What information do quality executives truly need to keep a finger on the pulse of their supply chains? What type of data would not only give them a holistic yet detailed overview of their quality operations, but also enable them to make fast, effective business decisions when the next crisis strikes?
“Operational risk to supply chains has been growing over the last several years — compounded by the ongoing impact from COVID-19,” writes McKinsey & Company. Quality assurance operations are no exception to this trend. Businesses around the globe are undergoing a significant stress test, working hard to maintain quality across widespread supply chains despite severe disruptions to their operations. According to Quality Magazine, “Companies in which quality was already fragile and inefficient have seen their processes go from lacking to completely broken during the COVID-19 crisis.” Many are also finding common key performance indicators (KPIs) to be inadequate in assessing and fixing the problems they face.
As companies adapt to this new normal and attempt to manage the unique obstacles and risks that it brings, conversations have shifted to supply chain visibility — as well as digital systems that can provide it with consistent, accurate, and remote access to real-time operational data.
In responding to COVID-19, “the immediate focus for most companies needs to be on improving visibility to supply chain risk—in your own facilities, in your direct suppliers, and beyond,” writes Deloitte. Pen-and-paper and manual reporting are increasingly disconnected and inadequate, with Quality Magazine writing that companies relying on them “lack real-time visibility into current and accurate quality data and related activities across their ecosystems and therefore have no way of sustaining ‘pandemic proof’ quality.”
Although the need for such data is clear, the question remains: what data? What information do quality executives truly need to be able to keep a finger on the pulse of their supply chains? Which type of data would not only give them a holistic yet detailed overview of their quality operations, but also enable them to make fast, effective business decisions when the next crisis strikes?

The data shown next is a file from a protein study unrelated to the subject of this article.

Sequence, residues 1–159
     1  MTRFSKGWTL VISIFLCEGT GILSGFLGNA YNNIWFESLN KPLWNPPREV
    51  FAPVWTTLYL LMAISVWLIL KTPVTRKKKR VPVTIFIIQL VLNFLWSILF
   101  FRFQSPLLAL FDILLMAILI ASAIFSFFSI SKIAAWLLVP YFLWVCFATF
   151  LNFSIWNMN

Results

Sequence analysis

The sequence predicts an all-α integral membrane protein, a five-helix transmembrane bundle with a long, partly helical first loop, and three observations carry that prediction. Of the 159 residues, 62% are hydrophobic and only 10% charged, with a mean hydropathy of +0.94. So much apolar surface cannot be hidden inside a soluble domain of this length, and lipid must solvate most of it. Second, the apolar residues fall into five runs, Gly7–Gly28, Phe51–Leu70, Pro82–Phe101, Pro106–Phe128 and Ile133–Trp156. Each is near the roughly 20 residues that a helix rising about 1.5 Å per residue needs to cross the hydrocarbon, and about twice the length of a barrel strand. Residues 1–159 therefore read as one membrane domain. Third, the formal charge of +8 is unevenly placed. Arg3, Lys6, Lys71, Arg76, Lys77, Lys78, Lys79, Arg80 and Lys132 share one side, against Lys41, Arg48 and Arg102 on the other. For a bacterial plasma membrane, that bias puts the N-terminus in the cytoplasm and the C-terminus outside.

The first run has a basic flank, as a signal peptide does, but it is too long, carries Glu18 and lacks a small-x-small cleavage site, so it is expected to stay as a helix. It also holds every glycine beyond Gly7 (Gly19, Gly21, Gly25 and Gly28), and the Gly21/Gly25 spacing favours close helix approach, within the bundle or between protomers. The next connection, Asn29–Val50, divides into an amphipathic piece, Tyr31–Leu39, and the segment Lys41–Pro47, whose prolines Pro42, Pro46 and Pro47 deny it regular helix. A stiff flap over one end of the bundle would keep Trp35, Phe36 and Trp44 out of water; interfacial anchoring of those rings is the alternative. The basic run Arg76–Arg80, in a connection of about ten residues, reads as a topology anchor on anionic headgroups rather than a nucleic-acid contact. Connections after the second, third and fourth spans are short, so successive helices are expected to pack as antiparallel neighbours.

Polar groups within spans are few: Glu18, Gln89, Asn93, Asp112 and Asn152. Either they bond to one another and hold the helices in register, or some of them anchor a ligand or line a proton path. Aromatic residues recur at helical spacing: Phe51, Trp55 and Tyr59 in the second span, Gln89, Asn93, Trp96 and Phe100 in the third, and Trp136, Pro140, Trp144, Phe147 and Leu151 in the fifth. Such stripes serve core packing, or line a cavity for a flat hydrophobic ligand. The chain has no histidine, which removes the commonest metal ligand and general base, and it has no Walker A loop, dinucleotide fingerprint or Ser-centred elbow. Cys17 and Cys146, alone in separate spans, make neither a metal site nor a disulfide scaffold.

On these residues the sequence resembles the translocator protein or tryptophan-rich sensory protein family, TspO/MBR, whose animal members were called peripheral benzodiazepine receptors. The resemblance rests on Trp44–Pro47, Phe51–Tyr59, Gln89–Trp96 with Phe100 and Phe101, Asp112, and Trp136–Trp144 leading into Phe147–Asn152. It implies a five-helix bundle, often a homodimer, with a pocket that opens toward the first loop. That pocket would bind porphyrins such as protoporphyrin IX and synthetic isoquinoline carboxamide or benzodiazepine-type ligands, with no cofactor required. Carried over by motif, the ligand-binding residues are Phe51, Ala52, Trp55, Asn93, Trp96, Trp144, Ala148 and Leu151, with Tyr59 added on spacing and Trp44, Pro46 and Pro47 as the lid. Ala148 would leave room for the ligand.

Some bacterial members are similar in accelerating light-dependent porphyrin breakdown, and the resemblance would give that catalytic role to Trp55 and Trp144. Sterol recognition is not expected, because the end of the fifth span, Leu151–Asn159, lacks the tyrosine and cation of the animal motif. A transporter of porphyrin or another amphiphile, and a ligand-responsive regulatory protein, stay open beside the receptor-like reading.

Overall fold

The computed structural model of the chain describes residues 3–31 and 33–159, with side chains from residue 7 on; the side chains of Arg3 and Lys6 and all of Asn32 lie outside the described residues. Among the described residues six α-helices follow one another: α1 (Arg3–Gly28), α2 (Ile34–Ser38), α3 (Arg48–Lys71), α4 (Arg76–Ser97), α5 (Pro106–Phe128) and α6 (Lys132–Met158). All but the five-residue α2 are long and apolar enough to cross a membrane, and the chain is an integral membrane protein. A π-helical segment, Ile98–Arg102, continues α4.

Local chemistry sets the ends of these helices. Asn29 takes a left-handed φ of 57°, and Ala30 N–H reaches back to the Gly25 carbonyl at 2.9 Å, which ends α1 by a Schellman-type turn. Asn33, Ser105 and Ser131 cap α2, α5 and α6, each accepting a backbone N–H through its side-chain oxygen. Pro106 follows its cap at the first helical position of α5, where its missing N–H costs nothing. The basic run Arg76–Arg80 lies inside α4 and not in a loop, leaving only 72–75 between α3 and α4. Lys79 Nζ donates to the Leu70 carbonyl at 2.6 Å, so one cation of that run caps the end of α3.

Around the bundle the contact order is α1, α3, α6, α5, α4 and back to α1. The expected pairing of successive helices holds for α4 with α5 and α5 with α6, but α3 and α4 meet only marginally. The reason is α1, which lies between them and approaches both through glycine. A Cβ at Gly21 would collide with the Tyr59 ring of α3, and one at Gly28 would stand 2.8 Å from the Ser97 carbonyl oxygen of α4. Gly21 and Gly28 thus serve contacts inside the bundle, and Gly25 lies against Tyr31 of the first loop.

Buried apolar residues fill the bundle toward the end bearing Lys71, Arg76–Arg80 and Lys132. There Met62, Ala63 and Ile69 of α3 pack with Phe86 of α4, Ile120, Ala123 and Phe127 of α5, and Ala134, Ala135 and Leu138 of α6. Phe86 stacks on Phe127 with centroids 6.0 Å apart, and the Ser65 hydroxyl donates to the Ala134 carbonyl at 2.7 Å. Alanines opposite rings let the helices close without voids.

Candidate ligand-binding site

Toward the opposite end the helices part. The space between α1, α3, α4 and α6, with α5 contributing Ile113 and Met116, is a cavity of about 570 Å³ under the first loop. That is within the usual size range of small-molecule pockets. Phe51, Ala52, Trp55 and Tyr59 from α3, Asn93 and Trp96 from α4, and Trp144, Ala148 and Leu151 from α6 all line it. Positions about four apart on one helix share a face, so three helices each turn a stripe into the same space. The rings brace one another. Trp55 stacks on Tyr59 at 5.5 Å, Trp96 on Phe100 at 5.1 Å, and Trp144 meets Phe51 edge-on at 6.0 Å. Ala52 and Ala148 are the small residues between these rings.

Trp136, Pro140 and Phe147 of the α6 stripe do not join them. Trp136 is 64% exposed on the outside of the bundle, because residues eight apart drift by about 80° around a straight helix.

Below, we have honed in on three of the most important metrics quality executives need in order to do just that:
1. Fail Rate and Defective Rate
Fail rate and defective rate are two of the most powerful performance indicators available to quality executives.
However, even more powerful is comparing these two metrics to one another.
As a pair, fail rate and defective rate take you beyond merely examining the effectiveness of your existing acceptable quality level (AQL). Too great an emphasis is often placed on fail rate (and hence AQL) alone. SgT Group writes that AQLs “aren’t 100% effective in avoiding quality defects altogether” — and because it tracks performance purely on whether goods are meeting AQL tolerance, it follows that fail rate is a limited benchmark for measuring quality. Teams basing their decision making on fail rate often rely on guesswork to identify the true cause of problems, leading to ineffective or wasteful modifications to their AQL. Examining the correlation between the overall fail rate and defective rate can provide actionable paths forward when dealing with underperformance.
To identify your top and lowest performers, create a graph with 4 quadrants:
Now analyze an X-Y scatter plot of your factories or suppliers, with defective rate on the Y-axis and fail rate on the X-axis
By overlaying your 4-quadrant graph on this X-Y plot, it suddenly becomes trivial to group your supply chain partners by these performance metrics:
1: High fail rate, high defective rate
These are the worst performers in your supply chain.
2: Low fail rate, high defective rate
Landing in this quadrant indicates that, although the factories are consistently passing inspections, there are still high numbers of products with defects in any given pull sample. A possible mitigation tactic is examining how strict you want to be with your AQL, which could help catch these defects, according to inTouch. Optimizing AQL is much easier with risk analytics provided by data-driven digital services.
3: High fail rate, low defective rate
This quadrant is a good indicator of other problems aside from product quality — if high numbers of defects are not being found, why would factories have a high fail rate? These problems could include missing paperwork, being unprepared for inspections or unavailability of tagged samples, to name a few.
4: Low fail rate, low defective rate
These are your highest performers.
Leveraging analysis of fail rate vs. defective rate requires the use of a network platform aggregating data in real-time. Such a digital platform not only captures and incorporates all incoming data into insights, but also allows organizations to maintain full transparency over their supply chain ecosystems — a capability that becomes prohibitively complex with manual reporting, particularly as supply chains scale upward. Maintaining this visibility prevents common ailments like quality fade from creeping into a brand or retailer’s products.